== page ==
Post-Traumatic Stress Disorder

Article excerpt

Post-traumatic Stress Disorder, edited by Dan J. Stein, Matthew J.

Friedman, and Carlos Blanco. Chichester, West Sussex, England: Wiley, 2011, 304 Pages (ISBN 978-1-4443-3328-2,

$71.40 Hardcover)

Reviewed by ANIK GOSSEUN

DOl: 10.1037/a0032347

Research on posttraumatic stress disorder (PTSD) has revealed much in recent decades about the kind of trauma typically associated with PTSD; about the natural course of symptoms in response to traumas; about optimal ways to evaluate and measure symptoms; and about the best pharmacological, psychotherapeutic, and community approaches to the prevention and management of PTSD. For these reasons, the authors state that their targeted audience is quite wide and not limited solely to specialists in the field.

The authors identified that specifically (a) the book aims at reviewing the many recent advances in empirical work on PTSD, (b) it attempts to negotiate a middle path through the multiple theoretical controversies, and (c) its goal is to provide clinicians and policymakers with a practical approach to clinical and community interventions.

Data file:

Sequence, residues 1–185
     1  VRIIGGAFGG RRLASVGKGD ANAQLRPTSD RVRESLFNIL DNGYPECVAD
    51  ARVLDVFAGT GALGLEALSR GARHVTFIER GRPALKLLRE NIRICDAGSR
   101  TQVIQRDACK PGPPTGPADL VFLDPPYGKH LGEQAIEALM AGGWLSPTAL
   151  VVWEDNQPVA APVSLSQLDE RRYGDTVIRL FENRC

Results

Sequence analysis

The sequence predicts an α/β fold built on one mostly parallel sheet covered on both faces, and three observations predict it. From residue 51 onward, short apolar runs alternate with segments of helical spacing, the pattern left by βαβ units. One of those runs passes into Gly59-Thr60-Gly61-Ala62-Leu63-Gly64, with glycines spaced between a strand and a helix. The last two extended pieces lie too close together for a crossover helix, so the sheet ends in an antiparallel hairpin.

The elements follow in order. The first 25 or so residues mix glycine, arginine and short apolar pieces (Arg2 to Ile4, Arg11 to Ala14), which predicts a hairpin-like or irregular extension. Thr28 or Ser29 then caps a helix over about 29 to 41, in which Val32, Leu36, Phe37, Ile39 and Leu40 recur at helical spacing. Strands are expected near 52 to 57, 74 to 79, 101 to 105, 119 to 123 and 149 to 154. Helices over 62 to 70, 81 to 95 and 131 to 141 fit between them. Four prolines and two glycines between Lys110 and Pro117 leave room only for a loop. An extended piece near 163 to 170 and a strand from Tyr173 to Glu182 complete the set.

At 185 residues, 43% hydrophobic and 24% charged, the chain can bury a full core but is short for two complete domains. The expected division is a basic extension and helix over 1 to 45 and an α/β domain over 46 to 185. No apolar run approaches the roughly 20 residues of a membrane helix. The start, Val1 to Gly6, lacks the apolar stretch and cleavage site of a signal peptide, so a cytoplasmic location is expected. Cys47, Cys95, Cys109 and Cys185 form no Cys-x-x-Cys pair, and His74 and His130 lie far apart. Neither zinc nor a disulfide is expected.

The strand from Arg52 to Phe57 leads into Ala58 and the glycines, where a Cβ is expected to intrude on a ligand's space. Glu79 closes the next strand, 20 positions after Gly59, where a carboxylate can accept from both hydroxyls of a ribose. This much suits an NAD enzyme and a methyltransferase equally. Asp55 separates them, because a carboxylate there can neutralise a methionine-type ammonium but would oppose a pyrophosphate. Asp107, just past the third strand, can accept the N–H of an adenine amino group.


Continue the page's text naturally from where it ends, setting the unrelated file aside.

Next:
The book contains six chapters. It is interesting to note that each chapter is organized such that the first part reviews the literature on the specific area targeted, followed by a Commentaries section that includes three to four subsections discussing a more specific aspect of the given chapter and providing additional evidence on a given controversial topic. For example, Chapter 1 offers an excellent description of the PTSD diagnosis and related disorders, covering the recent findings and guiding the reader to understand how the future Diagnostic and Statistical Manual of Mental Disorders (5th ed.; DSM-V) diagnostic criteria will change based on research findings. The subsection 1.1 commentaries pertain to the controversial difference between core features of PTSD and comprehensiveness; subsection 1.2 discusses trauma-related disorders in clinical and legal settings, whereas subsection 1.3 discusses the conundrums and potential risks in redefining PTSD in the DSM-V. It is a very original way of organizing the book, and it keeps the reader interested. …